Tax relief—or is it?1 min read . Updated: 01 Feb 2020, 05:30 PM IST
- To avail of lower tax, one will have to give up exemptions
- Benefit of new regime will vary from individual-to-individual
In the face of loud demands for tax relief from India’s rather neglected lower- and middle-classes, Finance Minister Nirmala Sitharaman has finally delivered. Or has she? On the face of it, the tax rate has been cut for different bands of income, which should logically help lower the liability. But there is a catch. To avail of lower rate rates, a taxpayer would have to give up various deductions and exemptions. This means that the new tax structure, being offered as an option, may not lead to a tax reduction after all.
Here’s how the new tax structure is different. Income in the ₹5-7.5 lakh and ₹7.5-10 lakh bands will be taxed at 10% and 15%, respectively; under the old structure, all of it is charged at 20%. Income in the ₹10-12.5 lakh and ₹12.5-15 lakh bands will be taxed at 20% and 25%, while that above ₹15 lakh at 30%. Under the old scheme, all income above ₹10 lakh is liable to 30% tax. But this higher rate permits several deductions and exemptions, which lets taxpayers to lower their effective tax rate.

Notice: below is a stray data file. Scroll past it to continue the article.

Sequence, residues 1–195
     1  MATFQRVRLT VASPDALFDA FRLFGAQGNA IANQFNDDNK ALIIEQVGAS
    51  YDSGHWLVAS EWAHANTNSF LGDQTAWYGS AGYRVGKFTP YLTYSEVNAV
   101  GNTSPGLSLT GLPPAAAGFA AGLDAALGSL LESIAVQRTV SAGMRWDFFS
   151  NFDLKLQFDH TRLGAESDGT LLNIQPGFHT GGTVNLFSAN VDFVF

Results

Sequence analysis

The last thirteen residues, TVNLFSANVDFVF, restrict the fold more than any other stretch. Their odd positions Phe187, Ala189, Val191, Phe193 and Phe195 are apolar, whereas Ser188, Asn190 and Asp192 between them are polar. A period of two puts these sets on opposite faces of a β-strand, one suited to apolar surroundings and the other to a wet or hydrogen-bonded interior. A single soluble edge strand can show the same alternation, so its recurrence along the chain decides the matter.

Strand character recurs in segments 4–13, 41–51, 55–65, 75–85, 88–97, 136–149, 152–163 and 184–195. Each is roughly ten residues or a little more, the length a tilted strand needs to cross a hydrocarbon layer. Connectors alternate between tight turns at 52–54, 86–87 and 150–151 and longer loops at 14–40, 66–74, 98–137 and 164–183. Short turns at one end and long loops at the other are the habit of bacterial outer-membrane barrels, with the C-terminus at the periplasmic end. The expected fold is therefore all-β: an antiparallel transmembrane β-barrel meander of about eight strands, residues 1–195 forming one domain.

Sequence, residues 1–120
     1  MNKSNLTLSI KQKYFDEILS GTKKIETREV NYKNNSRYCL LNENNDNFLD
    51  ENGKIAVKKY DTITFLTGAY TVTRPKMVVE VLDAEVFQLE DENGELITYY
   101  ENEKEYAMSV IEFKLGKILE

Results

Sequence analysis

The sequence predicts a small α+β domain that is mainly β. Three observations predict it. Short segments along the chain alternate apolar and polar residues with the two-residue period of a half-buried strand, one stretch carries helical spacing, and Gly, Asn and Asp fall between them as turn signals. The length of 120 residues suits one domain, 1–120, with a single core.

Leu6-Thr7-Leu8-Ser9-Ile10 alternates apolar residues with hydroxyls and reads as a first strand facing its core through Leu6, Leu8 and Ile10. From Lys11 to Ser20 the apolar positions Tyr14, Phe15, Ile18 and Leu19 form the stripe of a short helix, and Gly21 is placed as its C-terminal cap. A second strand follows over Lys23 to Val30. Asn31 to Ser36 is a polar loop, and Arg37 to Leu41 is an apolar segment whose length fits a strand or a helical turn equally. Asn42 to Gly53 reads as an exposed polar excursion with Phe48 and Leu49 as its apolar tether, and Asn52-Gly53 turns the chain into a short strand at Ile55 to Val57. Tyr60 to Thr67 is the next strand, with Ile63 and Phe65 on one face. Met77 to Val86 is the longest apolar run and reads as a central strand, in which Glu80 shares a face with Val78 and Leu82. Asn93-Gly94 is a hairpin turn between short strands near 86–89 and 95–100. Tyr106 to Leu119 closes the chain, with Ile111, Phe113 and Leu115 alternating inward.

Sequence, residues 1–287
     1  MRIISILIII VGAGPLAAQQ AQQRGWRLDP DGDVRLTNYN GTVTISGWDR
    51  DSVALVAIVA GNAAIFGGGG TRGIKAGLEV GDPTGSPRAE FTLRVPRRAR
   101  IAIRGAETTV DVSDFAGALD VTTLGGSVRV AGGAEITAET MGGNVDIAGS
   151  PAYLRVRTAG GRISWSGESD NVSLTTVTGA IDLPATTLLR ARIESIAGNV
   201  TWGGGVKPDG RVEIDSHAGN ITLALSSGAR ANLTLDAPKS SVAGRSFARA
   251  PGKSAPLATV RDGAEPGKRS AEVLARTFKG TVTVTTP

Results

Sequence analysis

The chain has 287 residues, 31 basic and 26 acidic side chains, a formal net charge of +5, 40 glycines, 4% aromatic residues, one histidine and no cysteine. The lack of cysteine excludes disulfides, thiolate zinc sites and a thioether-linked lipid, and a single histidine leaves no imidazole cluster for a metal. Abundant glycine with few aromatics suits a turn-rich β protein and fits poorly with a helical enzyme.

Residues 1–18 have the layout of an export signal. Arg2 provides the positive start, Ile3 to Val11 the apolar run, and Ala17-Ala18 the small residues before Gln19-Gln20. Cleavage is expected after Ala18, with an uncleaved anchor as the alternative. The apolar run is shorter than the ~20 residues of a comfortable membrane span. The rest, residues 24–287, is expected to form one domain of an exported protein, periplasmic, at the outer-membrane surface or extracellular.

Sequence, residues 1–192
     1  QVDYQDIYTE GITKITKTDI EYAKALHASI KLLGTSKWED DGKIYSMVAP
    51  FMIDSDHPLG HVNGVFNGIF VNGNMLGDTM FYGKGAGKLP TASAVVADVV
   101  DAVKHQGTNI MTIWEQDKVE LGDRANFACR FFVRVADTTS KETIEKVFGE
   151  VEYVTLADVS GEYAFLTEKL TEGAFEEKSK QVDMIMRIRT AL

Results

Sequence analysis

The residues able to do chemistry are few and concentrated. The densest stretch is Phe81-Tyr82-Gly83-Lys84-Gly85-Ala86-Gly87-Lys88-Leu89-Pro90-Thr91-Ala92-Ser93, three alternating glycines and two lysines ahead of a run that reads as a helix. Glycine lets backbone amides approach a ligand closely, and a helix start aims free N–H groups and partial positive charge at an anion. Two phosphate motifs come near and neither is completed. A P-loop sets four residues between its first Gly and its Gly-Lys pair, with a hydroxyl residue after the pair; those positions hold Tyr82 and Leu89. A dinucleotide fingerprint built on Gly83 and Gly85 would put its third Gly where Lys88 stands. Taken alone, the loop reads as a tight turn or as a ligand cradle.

Therefore, the benefit of the new regime will vary from individual-to-individual, depending on the extent to which these deductions and exemptions are being availed. For someone exhausting them to the maximum possible extent, it may be more tax efficient to stay put with the old structure, and vice-versa. The new option rids taxpayers of ifs and buts, but it doesn’t actually simplify matters. After all, just working out which option to take—the old or the new—could take quite a few calculations. Now that company dividends are to be taxed as part of our income, this will add to the complexity as well. Thankfully, Sitharaman has promised a regime that harasses nobody. For many, this has the biggest potential for tax relief.